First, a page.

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While questions remain, the chilling effect of the raid is evident.“People are afraid to leave their houses,” said Alisa Maria Jones, president and CEO of La Comunidad Hispana, a nonprofit that has provided health and social services in Kennett Square since 1973.“Until this past week, I was booked six to seven weeks out for consultations with people wanting to know what their options were, trying to pursue new forms of relief, wanting to be proactive,” she said.“People are still showing up for their consultations.And it is all because of what happened shortly after dawn on Wednesday, April 26, inside a dank, cinder-block grow house lined with long beds of creamy white mushrooms. Immigration and Customs Enforcement agents in khaki slacks and protective vests entering the windowless room where she and a dozen other Latino immigrants labored.Priscilla Aguilar Chun's shift as a picker at South Mill’s Kaolin Farms branch in Avondale was just getting started at 7 a.m. The agents carried photographs of four men they said they were seeking.None of the targets was present, but that didn’t seem to matter, Chun said.The agents blocked the exits and interrogated the workers one by one.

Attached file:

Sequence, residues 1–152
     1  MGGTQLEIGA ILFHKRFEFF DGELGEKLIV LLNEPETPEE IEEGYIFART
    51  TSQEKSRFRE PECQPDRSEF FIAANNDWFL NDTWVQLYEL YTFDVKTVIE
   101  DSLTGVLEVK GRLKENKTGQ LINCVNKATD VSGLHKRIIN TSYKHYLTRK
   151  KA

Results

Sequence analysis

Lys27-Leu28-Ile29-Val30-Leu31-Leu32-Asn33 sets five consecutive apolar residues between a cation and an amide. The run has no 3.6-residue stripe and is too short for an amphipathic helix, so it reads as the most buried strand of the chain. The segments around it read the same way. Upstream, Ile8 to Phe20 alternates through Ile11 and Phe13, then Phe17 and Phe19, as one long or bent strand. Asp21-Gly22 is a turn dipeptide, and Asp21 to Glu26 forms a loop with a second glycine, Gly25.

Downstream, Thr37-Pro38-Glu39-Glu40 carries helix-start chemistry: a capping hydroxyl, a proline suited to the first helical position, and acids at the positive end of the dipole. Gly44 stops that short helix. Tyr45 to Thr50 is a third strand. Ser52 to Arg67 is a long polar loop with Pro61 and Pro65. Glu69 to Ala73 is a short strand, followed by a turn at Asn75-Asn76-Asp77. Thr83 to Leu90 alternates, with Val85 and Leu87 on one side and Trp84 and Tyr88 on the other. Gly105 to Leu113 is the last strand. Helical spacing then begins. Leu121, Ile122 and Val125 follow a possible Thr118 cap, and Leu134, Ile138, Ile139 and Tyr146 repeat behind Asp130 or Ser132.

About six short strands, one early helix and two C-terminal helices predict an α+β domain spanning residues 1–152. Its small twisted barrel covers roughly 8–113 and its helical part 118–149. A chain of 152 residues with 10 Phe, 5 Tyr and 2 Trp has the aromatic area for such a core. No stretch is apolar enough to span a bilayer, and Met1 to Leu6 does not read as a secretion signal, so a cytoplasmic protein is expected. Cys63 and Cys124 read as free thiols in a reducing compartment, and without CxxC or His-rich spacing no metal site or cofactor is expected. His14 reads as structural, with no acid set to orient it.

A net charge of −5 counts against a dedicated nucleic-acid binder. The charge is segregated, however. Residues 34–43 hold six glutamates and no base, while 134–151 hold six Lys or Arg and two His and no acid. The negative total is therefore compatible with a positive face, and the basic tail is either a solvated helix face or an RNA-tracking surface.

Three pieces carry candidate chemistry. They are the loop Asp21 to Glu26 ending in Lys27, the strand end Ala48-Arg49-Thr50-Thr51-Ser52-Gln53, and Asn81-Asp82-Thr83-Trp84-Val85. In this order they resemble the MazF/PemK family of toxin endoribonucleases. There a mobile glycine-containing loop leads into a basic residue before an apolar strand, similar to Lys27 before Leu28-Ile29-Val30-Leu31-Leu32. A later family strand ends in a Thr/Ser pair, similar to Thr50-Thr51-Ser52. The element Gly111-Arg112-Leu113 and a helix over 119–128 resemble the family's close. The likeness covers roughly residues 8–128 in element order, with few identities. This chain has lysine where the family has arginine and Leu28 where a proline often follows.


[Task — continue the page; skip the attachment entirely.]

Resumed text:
South Mill did not respond to repeated requests for an interview.
“Nobody knew anything about the four men the agents said they were looking for,” she said.
“Which makes it seem more like a ruse than anything else.” While a law office might ordinarily expect more inquiries when anxieties are running high, she said, this raid seems to have produced an opposite effect.
Art Read, a longtime attorney with Friends of Farmworkers, a Pennsylvania advocacy center for migrant workers, said the incident appeared to be the first big workplace raid in mushroom country since the 1990s -- and a sign of the new priorities ordered in January by President Trump, who wants anyone found to be living here unlawfully to be jailed and ultimately removed.
The Chester County hills around Kennett Square are the heart of a 0 million mushroom industry that has provided jobs for successive waves of immigrants -- Quakers, Irish, Italians, Central Americans.Not far from the shop, at the legal offices of Sweet & Paciorek, lawyer Lindsey Sweet said she has picked up two new clients from among the dozen men arrested.